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J Bone Joint Surg Br. 2012 Jan;94(1):113-21. doi: 10.1302/0301-620X.94B1.27301.

Meta-analysis of cause of death following total joint replacement using different thromboprophylaxis regimens.

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Hospital for Special Surgery, 535 East 70th Street, New York, New York 10021, USA.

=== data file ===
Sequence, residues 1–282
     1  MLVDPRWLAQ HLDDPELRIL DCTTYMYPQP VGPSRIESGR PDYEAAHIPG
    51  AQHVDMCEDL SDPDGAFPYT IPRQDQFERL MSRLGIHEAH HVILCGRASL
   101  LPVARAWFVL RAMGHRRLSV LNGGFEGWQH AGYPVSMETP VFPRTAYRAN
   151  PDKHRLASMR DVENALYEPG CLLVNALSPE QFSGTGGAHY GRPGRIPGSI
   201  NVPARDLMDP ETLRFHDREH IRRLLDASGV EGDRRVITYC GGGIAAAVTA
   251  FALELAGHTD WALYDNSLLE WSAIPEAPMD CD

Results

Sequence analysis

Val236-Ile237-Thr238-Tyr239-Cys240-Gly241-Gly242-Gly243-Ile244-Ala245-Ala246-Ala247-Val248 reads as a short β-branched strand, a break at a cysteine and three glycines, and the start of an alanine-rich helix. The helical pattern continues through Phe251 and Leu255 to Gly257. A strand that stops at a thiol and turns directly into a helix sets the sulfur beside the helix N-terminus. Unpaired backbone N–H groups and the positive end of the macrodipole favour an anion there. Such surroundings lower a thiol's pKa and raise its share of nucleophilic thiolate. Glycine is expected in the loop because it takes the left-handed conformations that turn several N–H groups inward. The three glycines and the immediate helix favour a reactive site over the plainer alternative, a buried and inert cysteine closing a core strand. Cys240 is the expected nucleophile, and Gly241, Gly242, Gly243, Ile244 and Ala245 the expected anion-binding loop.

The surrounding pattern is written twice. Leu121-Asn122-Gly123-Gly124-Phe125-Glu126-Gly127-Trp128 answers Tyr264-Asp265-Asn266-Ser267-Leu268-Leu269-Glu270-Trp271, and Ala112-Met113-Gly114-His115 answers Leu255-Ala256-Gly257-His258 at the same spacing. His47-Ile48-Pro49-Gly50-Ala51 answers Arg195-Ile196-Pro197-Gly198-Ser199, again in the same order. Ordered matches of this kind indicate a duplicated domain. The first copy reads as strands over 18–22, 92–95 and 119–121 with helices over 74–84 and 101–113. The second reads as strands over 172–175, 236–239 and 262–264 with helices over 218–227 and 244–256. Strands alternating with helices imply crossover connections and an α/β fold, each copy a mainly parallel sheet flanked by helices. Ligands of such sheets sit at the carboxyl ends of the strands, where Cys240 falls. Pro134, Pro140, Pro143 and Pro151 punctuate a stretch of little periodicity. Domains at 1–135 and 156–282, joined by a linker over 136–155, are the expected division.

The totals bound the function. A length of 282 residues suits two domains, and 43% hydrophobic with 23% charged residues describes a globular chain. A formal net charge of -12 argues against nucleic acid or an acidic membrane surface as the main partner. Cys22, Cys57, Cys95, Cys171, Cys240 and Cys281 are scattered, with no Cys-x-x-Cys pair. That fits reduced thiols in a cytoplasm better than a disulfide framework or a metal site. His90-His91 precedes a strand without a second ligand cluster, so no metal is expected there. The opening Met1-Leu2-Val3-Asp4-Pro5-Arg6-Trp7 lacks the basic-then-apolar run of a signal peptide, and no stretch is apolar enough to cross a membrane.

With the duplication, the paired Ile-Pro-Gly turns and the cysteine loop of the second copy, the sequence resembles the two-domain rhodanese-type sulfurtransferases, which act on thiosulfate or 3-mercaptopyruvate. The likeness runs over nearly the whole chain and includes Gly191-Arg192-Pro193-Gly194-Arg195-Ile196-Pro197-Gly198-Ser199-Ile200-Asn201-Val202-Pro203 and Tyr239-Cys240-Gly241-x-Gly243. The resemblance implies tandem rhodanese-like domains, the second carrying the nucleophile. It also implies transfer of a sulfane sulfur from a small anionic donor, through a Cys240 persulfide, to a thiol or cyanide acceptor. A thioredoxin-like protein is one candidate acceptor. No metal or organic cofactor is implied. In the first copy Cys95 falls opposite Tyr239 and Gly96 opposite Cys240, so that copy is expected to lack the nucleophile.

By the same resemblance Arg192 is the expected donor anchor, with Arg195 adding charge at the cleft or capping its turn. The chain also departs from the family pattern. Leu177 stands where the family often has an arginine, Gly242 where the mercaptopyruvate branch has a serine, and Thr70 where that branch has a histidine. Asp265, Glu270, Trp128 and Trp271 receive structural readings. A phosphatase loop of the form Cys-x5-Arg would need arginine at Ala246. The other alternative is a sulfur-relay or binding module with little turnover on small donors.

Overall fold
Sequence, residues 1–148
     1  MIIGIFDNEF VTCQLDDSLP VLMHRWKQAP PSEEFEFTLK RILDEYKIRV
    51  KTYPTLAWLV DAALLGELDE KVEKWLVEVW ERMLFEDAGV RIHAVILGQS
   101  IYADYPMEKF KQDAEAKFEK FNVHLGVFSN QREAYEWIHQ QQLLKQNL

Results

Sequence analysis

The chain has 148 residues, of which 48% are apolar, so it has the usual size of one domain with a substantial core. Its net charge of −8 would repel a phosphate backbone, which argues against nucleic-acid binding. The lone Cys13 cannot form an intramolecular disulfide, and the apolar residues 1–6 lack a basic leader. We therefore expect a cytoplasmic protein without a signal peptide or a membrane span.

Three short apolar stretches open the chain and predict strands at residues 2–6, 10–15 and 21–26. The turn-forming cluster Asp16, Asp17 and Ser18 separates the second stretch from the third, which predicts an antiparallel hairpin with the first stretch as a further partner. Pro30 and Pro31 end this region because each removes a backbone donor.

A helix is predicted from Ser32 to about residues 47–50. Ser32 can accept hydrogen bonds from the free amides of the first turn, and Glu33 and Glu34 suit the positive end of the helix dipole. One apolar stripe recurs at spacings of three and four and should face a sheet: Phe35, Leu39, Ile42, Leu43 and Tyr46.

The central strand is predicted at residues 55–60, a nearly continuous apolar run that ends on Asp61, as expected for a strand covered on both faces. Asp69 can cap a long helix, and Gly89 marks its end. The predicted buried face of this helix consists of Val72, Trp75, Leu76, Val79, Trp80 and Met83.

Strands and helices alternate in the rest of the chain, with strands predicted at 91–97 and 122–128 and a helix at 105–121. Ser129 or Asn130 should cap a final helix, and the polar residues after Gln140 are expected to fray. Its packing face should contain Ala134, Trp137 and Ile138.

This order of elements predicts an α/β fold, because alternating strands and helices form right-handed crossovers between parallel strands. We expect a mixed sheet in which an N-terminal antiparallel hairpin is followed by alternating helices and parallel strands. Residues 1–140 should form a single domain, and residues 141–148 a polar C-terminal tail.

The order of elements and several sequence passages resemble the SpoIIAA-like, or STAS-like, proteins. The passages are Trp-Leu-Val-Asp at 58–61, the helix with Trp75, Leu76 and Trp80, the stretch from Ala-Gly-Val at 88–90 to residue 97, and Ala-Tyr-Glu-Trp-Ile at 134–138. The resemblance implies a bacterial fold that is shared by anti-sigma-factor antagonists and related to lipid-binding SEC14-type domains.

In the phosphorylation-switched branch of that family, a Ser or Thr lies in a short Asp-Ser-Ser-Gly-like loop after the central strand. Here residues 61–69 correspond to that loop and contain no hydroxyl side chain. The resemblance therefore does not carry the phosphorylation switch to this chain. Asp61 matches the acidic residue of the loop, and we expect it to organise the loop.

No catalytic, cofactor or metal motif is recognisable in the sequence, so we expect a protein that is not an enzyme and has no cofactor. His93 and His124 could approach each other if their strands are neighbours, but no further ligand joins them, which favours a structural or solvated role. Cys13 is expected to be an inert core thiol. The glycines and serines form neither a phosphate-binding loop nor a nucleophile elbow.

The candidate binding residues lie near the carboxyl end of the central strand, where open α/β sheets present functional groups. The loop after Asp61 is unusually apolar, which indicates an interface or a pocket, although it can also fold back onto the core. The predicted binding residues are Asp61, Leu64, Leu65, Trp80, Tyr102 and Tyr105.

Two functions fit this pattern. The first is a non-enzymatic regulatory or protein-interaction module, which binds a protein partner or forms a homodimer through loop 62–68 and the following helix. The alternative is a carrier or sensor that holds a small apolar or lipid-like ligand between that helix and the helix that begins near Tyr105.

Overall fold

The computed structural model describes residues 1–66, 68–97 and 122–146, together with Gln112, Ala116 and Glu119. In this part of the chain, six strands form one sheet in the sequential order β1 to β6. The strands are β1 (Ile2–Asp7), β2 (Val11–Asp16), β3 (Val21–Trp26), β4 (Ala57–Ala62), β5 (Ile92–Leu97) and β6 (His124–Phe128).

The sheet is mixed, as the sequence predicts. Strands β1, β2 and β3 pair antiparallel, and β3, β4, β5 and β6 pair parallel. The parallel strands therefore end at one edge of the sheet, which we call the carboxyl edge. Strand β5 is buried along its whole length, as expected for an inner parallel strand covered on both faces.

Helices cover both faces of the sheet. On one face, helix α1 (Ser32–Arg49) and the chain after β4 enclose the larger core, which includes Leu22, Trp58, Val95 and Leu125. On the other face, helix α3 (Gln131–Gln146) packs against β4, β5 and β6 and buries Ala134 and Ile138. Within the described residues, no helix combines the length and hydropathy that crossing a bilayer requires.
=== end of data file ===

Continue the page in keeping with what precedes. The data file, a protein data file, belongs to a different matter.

We performed a meta-analysis of modern total joint replacement (TJR) to determine the post-operative mortality and the cause of death using different thromboprophylactic regimens as follows: 1) no routine chemothromboprophylaxis (NRC); 2) Potent anticoagulation (PA) (unfractionated or low-molecular-weight heparin, ximelagatran, fondaparinux or rivaroxaban); 3) Potent anticoagulation combined (PAC) with regional anaesthesia and/or pneumatic compression devices (PCDs); 4) Warfarin (W); 5) Warfarin combined (WAC) with regional anaesthesia and/or PCD; and 6) Multimodal (MM) prophylaxis, including regional anaesthesia, PCDs and aspirin in low-risk patients. Cause of death was classified as autopsy proven, clinically certain or unknown. Deaths were grouped into cardiopulmonary excluding pulmonary embolism (PE), PE, bleeding-related, gastrointestinal, central nervous system, and others (miscellaneous). Meta-analysis based on fixed effects or random effects models was used for pooling incidence data. In all, 70 studies were included (99 441 patients; 373 deaths). The mortality was lowest in the MM (0.2%) and WC (0.2%) groups. The most frequent cause of death was cardiopulmonary (47.9%), followed by PE (25.4%) and bleeding (8.9%). The proportion of deaths due to PE was not significantly affected by the thromboprophylaxis regimen (PA, 35.5%; PAC, 28%; MM, 23.2%; and NRC, 16.3%). Fatal bleeding was higher in groups relying on the use of anticoagulation (W, 33.8%; PA, 9.4%; PAC, 10.8%) but the differences were not statistically significant. Our study demonstrated that the routine use of PA does not reduce the overall mortality or the proportion of deaths due to PE.

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